Listen: Ditch (Steil)-1433

As part of the series “Polluted Waters - Costly Cleanup,” MPR’s Mark Steil reports on ditch systems in Minnesota and their impact on water quality issues in the state.

Minnesota is home to one of the nation's largest systems of manmade drainage ditches. One estimate says there are more than 20,000 miles worth. The ditches carry water from farm fields, making the land tillable. They also carry eroded soil, and most of the sediment ends up polluting state rivers.

One way to reduce runoff is to plant grassy strips along the ditches to absorb runoff. State law already requires so-called buffers along a small number of ditches, but some say even that minimum requirement is largely unenforced.

This is part three of a five-part series on impaired Minnesota waters.

Click links below for other parts of series:

part 1:

part 2:

part 4:

part 5:


2005 NBNA Eric Sevareid Award, Series - Large Market Radio category

2006 MNSPJ Page One Award, third place in Radio – In Depth – Over 50,000 category


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MARK STEIL: The state's drainage ditch system is a maze of unknowns. How many miles of ditch are there? How many miles are supposed to have grass buffers? How many actually do?

And perhaps the most important question, how much sediment do the ditches carry? The state is searching for answers to those issues, thanks in part to a persistent voice from Southern Minnesota. Greg Royer lives near Sleepy Eye, close to the Minnesota river. It may be the state's most polluted stream.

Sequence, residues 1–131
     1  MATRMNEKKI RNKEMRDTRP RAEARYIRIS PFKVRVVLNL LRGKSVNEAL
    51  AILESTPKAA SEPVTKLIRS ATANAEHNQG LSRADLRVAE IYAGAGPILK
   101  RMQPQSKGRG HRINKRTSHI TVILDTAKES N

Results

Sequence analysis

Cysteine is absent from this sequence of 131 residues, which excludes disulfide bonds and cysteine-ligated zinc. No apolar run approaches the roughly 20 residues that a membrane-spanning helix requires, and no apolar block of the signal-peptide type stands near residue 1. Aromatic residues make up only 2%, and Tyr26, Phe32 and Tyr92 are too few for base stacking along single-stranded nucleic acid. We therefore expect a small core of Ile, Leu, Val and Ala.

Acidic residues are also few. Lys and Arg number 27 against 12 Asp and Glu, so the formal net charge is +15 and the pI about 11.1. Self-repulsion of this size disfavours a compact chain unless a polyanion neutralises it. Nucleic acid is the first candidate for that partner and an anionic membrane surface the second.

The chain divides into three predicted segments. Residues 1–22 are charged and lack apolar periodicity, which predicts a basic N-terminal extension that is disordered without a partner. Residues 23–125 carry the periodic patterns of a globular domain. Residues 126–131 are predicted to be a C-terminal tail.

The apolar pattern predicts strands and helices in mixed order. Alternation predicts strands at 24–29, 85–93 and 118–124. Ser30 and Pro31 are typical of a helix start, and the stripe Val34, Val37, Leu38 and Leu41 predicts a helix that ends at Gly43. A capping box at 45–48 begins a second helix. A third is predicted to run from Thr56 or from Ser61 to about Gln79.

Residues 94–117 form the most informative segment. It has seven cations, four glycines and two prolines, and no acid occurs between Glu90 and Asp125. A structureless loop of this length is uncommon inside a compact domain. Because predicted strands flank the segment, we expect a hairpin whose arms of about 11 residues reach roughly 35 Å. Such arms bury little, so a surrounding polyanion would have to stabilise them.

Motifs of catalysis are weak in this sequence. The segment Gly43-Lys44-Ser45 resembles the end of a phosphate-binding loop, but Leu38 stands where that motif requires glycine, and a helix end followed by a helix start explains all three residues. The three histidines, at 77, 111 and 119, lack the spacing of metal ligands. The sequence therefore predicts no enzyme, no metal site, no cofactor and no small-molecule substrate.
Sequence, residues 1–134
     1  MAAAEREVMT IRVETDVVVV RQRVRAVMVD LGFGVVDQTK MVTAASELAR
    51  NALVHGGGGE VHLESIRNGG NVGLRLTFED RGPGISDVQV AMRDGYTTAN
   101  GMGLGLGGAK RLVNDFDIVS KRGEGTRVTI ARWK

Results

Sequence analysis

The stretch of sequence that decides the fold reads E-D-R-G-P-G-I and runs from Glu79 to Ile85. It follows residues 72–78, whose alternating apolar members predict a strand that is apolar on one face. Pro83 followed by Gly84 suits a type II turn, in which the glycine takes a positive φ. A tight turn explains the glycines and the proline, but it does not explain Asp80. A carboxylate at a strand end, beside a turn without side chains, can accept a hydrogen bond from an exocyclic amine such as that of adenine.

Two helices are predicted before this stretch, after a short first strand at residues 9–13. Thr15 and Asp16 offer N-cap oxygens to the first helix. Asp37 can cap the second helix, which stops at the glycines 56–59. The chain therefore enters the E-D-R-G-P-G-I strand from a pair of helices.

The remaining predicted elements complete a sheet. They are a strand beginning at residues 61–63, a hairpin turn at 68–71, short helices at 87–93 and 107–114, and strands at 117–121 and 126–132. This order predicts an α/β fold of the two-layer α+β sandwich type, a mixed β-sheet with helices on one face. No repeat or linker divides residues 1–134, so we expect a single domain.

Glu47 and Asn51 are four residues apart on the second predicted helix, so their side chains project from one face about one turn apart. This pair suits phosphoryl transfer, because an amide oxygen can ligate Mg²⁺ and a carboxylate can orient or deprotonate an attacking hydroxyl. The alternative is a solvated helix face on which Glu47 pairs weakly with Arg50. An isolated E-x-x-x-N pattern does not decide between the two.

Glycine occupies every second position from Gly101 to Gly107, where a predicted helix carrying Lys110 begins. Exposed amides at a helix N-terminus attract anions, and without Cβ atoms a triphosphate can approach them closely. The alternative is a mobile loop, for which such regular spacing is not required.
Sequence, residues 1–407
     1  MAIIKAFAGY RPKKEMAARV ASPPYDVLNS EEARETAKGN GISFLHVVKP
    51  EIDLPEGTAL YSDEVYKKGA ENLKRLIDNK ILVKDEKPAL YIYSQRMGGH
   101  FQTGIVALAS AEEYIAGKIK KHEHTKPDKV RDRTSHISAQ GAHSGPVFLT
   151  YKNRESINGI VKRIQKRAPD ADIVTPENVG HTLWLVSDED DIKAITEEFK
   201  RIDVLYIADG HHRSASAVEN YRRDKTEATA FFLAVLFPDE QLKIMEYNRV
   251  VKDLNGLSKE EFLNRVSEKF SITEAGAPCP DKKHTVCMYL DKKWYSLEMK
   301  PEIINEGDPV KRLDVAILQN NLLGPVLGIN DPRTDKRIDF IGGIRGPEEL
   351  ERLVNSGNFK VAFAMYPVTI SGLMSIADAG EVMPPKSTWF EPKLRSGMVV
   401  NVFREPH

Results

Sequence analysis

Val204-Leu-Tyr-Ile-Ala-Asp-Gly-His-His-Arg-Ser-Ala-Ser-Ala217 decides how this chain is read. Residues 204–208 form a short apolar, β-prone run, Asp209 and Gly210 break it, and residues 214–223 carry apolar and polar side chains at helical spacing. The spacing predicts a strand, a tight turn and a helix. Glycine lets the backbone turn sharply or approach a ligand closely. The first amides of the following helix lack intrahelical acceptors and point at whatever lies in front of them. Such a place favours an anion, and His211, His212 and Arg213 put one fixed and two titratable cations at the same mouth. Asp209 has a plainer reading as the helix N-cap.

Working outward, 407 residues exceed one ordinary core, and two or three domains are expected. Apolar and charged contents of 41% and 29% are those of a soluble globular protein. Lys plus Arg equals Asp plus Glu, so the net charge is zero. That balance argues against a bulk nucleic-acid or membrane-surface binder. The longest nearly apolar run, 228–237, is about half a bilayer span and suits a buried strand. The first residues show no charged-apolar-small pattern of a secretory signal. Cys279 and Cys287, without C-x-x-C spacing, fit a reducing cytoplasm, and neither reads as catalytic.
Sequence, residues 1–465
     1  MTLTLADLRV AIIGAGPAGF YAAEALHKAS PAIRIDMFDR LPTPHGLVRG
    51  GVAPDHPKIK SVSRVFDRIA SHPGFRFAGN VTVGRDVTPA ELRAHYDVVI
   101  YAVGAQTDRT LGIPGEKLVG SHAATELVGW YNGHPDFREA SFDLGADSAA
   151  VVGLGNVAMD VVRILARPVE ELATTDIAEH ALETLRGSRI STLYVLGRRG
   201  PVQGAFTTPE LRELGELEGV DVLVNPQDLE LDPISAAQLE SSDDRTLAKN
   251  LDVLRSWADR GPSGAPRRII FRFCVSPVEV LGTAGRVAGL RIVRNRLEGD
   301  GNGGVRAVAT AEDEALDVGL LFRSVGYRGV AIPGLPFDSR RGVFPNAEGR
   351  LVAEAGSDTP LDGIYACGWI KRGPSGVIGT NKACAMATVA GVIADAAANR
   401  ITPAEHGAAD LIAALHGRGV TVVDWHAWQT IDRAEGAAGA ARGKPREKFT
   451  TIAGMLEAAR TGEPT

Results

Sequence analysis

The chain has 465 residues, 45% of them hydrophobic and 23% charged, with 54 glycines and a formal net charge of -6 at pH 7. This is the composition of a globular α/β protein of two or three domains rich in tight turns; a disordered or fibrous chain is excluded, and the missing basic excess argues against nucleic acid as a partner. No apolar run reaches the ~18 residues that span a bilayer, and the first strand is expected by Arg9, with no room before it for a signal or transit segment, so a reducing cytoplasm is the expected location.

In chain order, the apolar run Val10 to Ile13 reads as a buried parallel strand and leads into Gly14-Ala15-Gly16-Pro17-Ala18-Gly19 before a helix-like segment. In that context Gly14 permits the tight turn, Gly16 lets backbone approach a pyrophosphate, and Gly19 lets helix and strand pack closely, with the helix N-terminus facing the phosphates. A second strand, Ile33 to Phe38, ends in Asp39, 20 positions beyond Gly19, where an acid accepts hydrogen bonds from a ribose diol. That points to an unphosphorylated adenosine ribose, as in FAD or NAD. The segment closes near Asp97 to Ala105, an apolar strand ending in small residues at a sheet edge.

Dozens of ditches empty into the river. When the Minnesota enters the Mississippi, it leaves a plume of muddy water. Royer says, the time has come to examine how much pollution comes from drainage ditches.

GREG ROYER: We are in a real predicament with the Environmental Protection Agency's Clean Water Act, that we have to do an assessment of the waters and see if they are impaired or not. And I strongly believe that drainage systems contribute at times to the impairment of our public waters.

MARK STEIL: The manmade ditches crisscrossed the rich farmland of Southern and Western Minnesota. Underground tile carries water from field to ditch turning wetlands into farmland. One estimate says the ditches have turned almost 8,000 square miles of former ponds and lakes into productive fields. That's nearly 18% of the state's agricultural land.

Royer says, the ditches are needed. But he also says they should be cleaned up. He says, spongelike grass strips along the ditches would help.

GREG ROYER: That buffer would limit how much water was getting directly into the ditch, limiting the amount of sediment that's being carried along with the stormwater.

MARK STEIL: Minnesota has a buffer requirement in state law. Any ditch built or enlarged since 1977 is supposed to have a 16.5 foot grass strip on each side. Since most ditches were excavated in the early 1900s, the requirement covers only a small number, likely 5% or less, of the state's ditch system. Still, Royer says, the law should be enforced.

Sitting in a car in Cottonwood county, he views a ditch, he says, symbolizes the buffer strip problem. Agricultural ditches are numbered. This is judicial ditch nine. It cuts a v-shaped path through corn and soybean fields near the town of Jeffers.

Wider than a country road, locals nicknamed it the suez canal. It was dug just eight years ago. So Royer says, state law requires that it have the grass buffer.

GREG ROYER: I firmly believe that a big chunk of this ditch is not in compliance with what the statute says.

MARK STEIL: He says, in some places, crops are planted right to the edge of the ditch. That's exactly what state law was meant to prevent. The buffer strip requirement was passed in 1977. John Corbett was the chief house author of the legislation. He says, based on his legislative intent, judicial ditch nine is out of compliance.